In this Instructable I'll show you how to make a remote lag switch that's embedded in your controller, allowing you to trigger it without lifting a finger.
The "remote" part of this Instructable stems from the fact that the trigger is away from the actual switch, so that you needn't sit within reach of the ethernet cable it controls.
The "controller-embedded" part uses the battery shell from a wireless Xbox 360 controller, so take note that you'll want to have a Play & Charge kit to use the controller. The rechargable battery in the kit replaces the battery shell that comes with the controllers, so most will have no use for it, and the cable will supply power to the controller whilst using the lag switch.

You can also adapt this Instructable for use without a controller, simply by placing the trigger in another enclosure of some kind. I've thought of placing it in a box by my foot, so I can just "stomp" on it when I want some lag.

Step 1: Parts and Tools

This Instructable is a fairly easy one, requiring only a few common tools and some cheap parts from your local Radio Shack or equivalent.

Wire cutters & strippers
Soldering iron
X-acto knife/Stanley knife
Hot-glue gun
Hot Glue

Ethernet cable (the length is up to you, I used a short one as the distance between my router and Xbox is tiny.)
Enclosure/project box (again, size is up to you, but smaller is better in this case.)
Heatshrink tubing
Spare Xbox 360 controller battery shell (it won't ever hold batteries again, make sure you aren't using it.)
Generic hook-up wire
Shielded wire (we'll be using the shield as another wire, feel free to substitute a different type of wire.)
Two watch-battery holders (CR-2032, CR-2025 or CR-2016 recommended.)
Two watch-batteries to suit the holders
A normally-open push button (I used a button that had both N.O. and N.C. but it's not necessary.)
A SPDT (single-pole, double-throw) 6 volt relay

All up, this should cost you under $15.
does it have to be a 6V relay? could i use a 7-9V relay and a 9V battery??
why didn't you use a normally closed switch connected directly to the ethernet cable? i think it would be more easy to do instead of using a relay
What would be better than cutting off the plug would be to actually get some Ethernet jacks. That way you can unplug the cable from the battery pack and lag box when you want to store it.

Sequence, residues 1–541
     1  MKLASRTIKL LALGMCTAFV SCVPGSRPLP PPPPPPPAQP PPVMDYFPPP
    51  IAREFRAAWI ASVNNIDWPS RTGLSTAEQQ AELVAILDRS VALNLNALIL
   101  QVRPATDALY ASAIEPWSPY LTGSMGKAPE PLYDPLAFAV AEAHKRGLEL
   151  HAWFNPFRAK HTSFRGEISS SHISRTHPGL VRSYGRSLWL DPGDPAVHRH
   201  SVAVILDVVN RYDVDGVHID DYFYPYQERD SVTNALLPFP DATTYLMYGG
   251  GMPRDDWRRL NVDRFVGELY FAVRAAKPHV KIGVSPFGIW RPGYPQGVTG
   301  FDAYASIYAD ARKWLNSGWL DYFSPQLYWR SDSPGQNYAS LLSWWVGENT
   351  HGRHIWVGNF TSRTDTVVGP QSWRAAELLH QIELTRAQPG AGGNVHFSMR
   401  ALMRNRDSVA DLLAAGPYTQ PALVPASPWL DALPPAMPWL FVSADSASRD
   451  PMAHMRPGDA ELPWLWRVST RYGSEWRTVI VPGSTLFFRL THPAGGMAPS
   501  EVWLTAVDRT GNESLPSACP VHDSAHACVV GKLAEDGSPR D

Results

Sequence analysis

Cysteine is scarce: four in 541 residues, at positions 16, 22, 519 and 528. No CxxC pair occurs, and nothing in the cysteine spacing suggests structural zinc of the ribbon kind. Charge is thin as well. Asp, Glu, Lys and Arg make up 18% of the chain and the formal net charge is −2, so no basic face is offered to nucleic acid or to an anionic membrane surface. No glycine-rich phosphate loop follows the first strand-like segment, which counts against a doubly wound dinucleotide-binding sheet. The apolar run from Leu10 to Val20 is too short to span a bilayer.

Great instructable, easy to follow. To those who are complaining that this is cheating ... relax - he's not stealing old ladies' pension checks or hurting baby kittens, he's just playing a video game (and exploiting a flaw in the system that the manufacturer should have buttoned up as soon as it was discovered). This is no different from the Game Genies we all plugged in to our NES consoles in the 80s.
Lag switches have been around since the mid 90's. Why are people making such a big deal out of this now? Good job on the instructable itself. I am not one to pass judgement for it's content.
Will someone please tell me what the batteries and the circuit board are for? and is there a way around the circuit board?<br>
Good job on the instructable - very informative.<br>But I sincerely hope that if you use this on Xbox live, they ban you for tampering.<br><br>Can you explain why you'd want to use one of these, besides not being able to play and win a good, clean game?<br><br>It's worth noting that this kind of cheating device can be spotted quite easily by players that know what to look for, and after a few reports you can be banned from Xbox live for using one.<br>And I swear that I'll report anyone I spot using one. If I'm playing in a party, I have my team mates report them, too.<br><br>
Firstly, thanks.<br>And yes, that's why I stated that you shouldn't use it online.<br>I have never, and would never use it in a competitive online environment.<br>Against friends who know you're using it, however, it's great fun. If they use one too, the game becomes one of out-lagging each other.<br><br>I've played against people who've used them online, too, and I completely understand your anger toward those that use them, I feel the same contempt.<br>It's terribly frustrating and a real indicator of a lack of actual skill.<br><br>But again, as I said, this isn't meant to be used online. I certainly wouldn't.
I appreciate that you wouldn't use it online, but for me the problem is that most of the people that make it will. Its like posting an instructable on email hacking but then telling people to only use it on consenting friends. Its probably not going to happen. Ive run into plenty of lobbies where this kind of thing is being used.
How would you use it off-line?<br>
lan party, at least i assume that's what he means by offline
I don't see why people are making such a big deal about this.<br>Search keyword &quot;cheat&quot; on instructables and you'll find<br>Cheat on any Wii<br>How to cheat on chess<br>How to cheat on a test with a T shirt (yay cheat ur way to a degree!)<br>How to cheat a polygraph test (god forbid our national security is in jeopardy)<br>How to cheat at poker (i'm sure more people play this for money than COD)<br><br>
I think that even if your intentions are good, this mod will allow people to cheat... easily. I agree that it should be taken down.
You'll notice there are many other instructables featuring devices that allow you to cheat in one way or another. It's up to those who have them to decide whether or not they'll use them for cheating.<br>Granted, simple devices such as this don't leave much room for doing anything other than cheating, but used at a LAN party with friends it can be a lot of fun.
So what exactly does this do? Just make you lag out and skip around the map?
That's pretty much it.<br>You can only 'pulse' it on and off, for a few seconds at a time, otherwise you'll completely lag out.

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